automata. We show that some of these very efficient optimizations make testing
for Zeno runs costly. In particular we show NP-completeness for the
LU-extrapolation of Behrmann et al. We analyze the source of this complexity in
detail and give general conditions on extrapolation operators that guarantee a
(low) polynomial complexity of Zenoness checking. We propose a slight weakening
of the LU-extrapolation that satisfies these conditions.

…

AC-completion efficiently handles equality modulo associative and commutative
function symbols. When the input is ground, the procedure terminates and
provides a decision algorithm for the word problem. In this paper, we present a
modular extension of ground AC-completion for deciding formulas in the
combination of the theory of equality with user-defined AC symbols,
uninterpreted symbols and an arbitrary signature disjoint Shostak theory X. Our
algorithm, called AC(X), is obtained by augmenting in a modular way ground
AC-completion with the canonizer and solver present for the theory X. This
integration rests on canonized rewriting, a new relation reminiscent to
normalized rewriting, which integrates canonizers in rewriting steps. AC(X) is
proved sound, complete and terminating, and is implemented to extend the core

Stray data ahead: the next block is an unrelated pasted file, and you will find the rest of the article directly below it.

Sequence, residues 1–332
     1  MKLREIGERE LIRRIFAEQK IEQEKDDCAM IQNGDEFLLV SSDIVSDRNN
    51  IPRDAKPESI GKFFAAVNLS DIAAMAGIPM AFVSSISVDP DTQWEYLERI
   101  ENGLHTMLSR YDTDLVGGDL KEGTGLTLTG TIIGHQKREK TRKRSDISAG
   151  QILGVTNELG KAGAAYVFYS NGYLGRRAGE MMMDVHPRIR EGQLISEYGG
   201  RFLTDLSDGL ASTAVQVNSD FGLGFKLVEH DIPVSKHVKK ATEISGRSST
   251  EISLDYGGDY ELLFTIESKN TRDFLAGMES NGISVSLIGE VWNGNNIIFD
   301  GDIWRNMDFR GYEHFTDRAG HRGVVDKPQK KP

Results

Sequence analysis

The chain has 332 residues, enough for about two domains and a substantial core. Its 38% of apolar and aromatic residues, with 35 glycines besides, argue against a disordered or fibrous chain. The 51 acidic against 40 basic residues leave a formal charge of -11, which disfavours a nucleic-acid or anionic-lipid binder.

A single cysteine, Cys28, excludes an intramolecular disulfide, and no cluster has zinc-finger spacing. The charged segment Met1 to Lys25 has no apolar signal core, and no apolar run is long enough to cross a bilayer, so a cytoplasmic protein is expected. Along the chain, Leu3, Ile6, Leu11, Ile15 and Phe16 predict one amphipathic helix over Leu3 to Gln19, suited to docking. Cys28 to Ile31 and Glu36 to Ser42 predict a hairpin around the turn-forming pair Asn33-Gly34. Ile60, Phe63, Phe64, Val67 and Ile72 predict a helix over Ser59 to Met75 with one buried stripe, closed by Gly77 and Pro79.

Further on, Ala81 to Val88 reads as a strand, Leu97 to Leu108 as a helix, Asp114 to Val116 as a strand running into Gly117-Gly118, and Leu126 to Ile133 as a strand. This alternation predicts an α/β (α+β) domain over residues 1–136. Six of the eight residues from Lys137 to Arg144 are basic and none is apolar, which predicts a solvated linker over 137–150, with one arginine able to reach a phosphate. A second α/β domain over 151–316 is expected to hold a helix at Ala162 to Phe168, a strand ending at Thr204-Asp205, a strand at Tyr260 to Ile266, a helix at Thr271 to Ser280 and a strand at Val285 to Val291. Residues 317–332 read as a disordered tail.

of the Alt-Ergo theorem prover.

…

We study mechanisms that permit program components to express role
constraints on clients, focusing on programmatic security mechanisms, which
permit access controls to be expressed, in situ, as part of the code realizing
basic functionality. In this setting, two questions immediately arise: (1) The
user of a component faces the issue of safety: is a particular role sufficient
to use the component? (2) The component designer faces the dual issue of
protection: is a particular role demanded in all execution paths of the
component? We provide a formal calculus and static analysis to answer both
questions.

…

Compact categories have lately seen renewed interest via applications to
quantum physics. Being essentially finite-dimensional, they cannot accomodate
(co)limit-based constructions. For example, they cannot capture protocols such
as quantum key distribution, that rely on the law of large numbers. To overcome
this limitation, we introduce the notion of a compactly accessible category,
relying on the extra structure of a factorisation system. This notion allows